Graham Greene’s The Quiet American has been sitting on my shelf for a good long while, and this year’s resolve to read more freely has finally gifted me with the opportunity to take it down off the shelf. Its intriguing beginning introduces Thomas Fowler, an English journalist in Saigon covering the Vietnam War, as he waits for his dinner guest and romantic rival, Alden Pyle, a young and idealistic American operative. Pyle never shows and when Fowler is picked up by the police for questioning, it is revealed that he’s been murdered. The rest of the story unfolds in a weave of flashback and present day, before the United States formerly enters the war.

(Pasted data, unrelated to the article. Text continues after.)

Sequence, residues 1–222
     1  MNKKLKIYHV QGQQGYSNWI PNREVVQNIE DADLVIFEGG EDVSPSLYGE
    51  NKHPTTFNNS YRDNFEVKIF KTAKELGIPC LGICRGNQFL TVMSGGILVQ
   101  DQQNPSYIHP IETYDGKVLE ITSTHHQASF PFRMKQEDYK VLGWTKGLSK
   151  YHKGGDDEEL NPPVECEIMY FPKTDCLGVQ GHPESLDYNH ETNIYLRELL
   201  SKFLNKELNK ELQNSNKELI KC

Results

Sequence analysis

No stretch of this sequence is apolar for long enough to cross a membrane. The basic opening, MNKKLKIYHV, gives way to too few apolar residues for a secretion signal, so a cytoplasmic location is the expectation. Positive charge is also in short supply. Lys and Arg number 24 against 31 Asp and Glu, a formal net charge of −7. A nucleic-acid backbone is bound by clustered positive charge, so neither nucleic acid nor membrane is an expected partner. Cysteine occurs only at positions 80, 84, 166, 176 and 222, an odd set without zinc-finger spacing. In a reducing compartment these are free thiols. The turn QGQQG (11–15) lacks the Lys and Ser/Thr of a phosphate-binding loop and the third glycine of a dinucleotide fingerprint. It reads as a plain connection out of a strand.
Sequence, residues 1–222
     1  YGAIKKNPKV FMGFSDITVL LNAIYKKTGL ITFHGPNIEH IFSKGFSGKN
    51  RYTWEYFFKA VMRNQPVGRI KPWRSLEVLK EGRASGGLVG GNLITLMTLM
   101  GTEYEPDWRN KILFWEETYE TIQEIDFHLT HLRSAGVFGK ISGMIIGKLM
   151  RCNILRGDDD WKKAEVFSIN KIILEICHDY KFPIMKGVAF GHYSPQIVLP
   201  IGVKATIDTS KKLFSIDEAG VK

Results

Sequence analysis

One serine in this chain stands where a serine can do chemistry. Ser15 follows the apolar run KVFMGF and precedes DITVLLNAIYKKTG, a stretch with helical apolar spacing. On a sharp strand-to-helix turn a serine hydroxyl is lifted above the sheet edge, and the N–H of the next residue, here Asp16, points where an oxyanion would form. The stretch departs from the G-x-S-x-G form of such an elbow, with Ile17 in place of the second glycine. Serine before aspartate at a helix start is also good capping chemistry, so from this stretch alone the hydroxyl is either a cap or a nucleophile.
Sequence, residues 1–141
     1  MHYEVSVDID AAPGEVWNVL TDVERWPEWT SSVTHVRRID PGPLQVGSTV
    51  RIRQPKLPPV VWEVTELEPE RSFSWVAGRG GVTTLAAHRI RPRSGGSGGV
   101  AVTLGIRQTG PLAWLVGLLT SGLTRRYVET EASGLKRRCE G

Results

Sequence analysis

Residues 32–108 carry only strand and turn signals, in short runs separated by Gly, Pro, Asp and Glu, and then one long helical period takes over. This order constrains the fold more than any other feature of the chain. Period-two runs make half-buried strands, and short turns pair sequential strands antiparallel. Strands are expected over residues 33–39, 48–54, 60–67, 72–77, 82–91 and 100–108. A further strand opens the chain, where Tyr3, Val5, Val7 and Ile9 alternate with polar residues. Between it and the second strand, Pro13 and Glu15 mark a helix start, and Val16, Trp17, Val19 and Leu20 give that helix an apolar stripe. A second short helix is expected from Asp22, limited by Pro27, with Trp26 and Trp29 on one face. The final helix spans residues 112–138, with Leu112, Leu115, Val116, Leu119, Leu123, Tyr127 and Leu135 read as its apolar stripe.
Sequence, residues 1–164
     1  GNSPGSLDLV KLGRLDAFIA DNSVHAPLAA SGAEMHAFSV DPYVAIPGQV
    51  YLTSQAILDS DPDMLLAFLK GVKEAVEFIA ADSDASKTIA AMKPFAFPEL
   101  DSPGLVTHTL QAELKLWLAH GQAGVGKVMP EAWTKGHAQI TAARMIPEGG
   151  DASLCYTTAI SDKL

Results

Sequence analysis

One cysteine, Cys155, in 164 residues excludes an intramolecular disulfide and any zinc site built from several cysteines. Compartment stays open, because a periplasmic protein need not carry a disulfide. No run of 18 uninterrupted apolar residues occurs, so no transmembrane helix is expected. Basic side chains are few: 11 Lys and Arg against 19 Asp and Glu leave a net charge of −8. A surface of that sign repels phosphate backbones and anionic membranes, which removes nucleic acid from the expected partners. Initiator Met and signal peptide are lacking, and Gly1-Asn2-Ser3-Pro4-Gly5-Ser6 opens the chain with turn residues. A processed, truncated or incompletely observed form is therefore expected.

One of the things that was most fascinating about reading The Quiet American was its pointed bias in examining the rise of the United States as a powerful contender on the world scene, brashly testing its limits in establishing governments and influencing international politics that it understands in purely textbooks terms. Fowler’s justifications and beliefs are thoroughly examined while Pyle’s remain vague and when they are apparent, gauche. As a man, and as a stand in-in for the US, he is clearly green, idealistic, bumbling and dangerous. Green writes a compelling novel that is deftly paced, and a page-turner in its own beautiful and understated way. Pyle’s mysterious dealings, and Fowler’s involvement in his demise haunts the spare narrative. Both disturbing and enlightening, The Quiet American is a thought-provoking read and a worthwhile peek at how other countries and cultures view US Foreign Policy. Recommended.